In Egypt, the army seems to be leading a crackdown on the Muslim Brotherhood. Soldiers seem to have killed dozens of protesters supporting the post-president Mohammad Morsi. This is a human rights crisis, which stretches all across Egypt. And much of this current political violence could have been better contained if the security forces had put plans in place to control it.
Instead, security forces seem to be resorting to their usual policy of responding to protests with unnecessary and excessive force.
Amnesty International’s researchers have been on the ground since before the current crisis began. Right now they are going from hospital to hospital and morgue to morgue trying to interview eyewitnesses and get first-hand accounts of what happened.
The mood in Cairo right now is incredibly polarized. It’s clear that neither side seems to be talking to each other and neither side has confidence in each other.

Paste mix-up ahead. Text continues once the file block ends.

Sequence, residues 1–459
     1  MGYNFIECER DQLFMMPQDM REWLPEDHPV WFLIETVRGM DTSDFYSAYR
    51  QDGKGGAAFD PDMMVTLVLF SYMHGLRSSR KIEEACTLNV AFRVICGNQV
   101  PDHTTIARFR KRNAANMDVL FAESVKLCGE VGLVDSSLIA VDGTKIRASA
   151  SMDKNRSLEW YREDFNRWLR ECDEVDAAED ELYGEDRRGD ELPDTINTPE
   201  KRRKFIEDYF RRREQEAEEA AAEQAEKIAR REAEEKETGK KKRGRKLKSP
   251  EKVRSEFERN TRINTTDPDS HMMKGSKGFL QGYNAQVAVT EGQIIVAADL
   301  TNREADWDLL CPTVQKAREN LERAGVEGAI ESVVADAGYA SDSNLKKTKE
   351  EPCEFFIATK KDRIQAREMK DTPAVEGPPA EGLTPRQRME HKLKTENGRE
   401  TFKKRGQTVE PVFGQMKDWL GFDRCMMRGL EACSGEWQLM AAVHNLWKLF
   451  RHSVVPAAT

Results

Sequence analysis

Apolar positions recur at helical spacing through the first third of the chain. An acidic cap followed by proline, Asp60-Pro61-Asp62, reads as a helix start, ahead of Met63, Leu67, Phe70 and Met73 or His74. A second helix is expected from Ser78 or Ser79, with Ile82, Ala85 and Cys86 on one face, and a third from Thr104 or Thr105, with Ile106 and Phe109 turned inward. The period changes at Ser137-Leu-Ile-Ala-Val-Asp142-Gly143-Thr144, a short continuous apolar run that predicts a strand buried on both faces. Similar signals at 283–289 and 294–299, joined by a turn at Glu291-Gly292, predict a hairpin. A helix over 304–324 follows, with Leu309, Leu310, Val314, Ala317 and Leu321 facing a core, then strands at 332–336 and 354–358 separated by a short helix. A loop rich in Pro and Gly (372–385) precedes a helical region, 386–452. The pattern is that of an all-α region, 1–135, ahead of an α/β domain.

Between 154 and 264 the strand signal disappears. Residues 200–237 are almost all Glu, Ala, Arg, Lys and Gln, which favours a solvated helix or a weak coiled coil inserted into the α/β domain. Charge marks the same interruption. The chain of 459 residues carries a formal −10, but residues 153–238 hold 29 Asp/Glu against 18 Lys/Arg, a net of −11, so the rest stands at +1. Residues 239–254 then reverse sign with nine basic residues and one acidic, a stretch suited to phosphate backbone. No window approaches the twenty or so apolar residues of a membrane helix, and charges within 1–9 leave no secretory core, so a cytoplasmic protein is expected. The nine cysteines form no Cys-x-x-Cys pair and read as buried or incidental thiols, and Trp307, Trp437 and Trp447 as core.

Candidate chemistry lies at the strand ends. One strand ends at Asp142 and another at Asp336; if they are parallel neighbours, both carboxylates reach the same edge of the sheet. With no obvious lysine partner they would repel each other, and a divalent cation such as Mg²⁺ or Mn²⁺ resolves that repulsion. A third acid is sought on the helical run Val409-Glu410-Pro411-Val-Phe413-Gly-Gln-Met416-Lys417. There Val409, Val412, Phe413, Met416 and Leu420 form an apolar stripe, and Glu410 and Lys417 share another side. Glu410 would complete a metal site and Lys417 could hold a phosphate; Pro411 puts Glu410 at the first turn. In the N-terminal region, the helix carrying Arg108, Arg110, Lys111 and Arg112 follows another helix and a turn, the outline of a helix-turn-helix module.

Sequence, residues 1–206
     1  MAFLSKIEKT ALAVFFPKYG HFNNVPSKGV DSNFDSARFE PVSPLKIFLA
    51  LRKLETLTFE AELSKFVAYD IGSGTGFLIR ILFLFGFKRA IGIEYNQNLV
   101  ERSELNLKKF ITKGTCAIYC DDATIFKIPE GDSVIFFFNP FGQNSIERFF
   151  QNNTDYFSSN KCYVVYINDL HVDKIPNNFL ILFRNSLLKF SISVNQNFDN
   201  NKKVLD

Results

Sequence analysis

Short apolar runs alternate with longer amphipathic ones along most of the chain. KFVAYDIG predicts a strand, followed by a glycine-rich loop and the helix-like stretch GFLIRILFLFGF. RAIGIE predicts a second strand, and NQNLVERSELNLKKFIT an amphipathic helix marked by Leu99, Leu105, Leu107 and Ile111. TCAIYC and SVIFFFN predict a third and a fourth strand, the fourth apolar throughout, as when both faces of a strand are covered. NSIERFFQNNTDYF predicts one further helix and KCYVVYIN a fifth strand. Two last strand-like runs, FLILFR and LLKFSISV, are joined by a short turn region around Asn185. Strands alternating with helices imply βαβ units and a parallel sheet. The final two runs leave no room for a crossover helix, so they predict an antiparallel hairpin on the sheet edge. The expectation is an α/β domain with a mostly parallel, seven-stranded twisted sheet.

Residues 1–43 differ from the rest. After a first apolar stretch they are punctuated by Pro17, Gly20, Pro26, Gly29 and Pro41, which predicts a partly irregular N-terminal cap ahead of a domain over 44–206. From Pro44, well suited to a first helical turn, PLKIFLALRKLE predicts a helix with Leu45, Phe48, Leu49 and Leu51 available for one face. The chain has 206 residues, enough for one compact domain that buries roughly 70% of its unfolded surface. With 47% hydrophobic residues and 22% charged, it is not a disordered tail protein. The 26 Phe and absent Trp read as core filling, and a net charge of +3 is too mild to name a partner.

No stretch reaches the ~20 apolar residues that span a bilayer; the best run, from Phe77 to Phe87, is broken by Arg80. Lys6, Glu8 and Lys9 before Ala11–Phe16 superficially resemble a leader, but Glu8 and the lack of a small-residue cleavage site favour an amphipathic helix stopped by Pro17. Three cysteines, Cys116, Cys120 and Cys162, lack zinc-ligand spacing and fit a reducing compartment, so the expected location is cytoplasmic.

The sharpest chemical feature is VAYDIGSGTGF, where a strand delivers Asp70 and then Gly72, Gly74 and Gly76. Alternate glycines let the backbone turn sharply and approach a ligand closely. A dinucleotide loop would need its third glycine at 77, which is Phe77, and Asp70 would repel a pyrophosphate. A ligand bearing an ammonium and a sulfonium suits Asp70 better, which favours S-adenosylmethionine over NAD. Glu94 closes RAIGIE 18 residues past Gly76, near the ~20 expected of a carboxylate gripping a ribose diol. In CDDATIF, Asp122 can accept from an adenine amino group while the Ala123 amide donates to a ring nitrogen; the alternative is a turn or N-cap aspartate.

That’s part of why Amnesty International is calling for an independent investigation into the abuses that we’ve seen over the last few days. One which all sides to Egypt’s current political crisis can input into, suggest members of; something that will be a confidence-restoring measure.
This is a critical time for Egypt. What we can’t see is the kind of investigations that we saw under the Supreme Council of the Armed Forces and under the rule of President Morsi in which abuses – serious human rights abuses – by the army and security forces were effectively covered up. The army cannot run it’s own investigation into these kinds of abuses.
Under military rule, the army and security forces killed over 120 protesters, military courts unfairly tried over 12,000 civilians, soldiers were filmed beating women in the street and they also subjugated women protesters to virginity tests. This is exactly the kind of record that the army now needs to avoid now that they seem to be one of the most powerful players in Egypt today.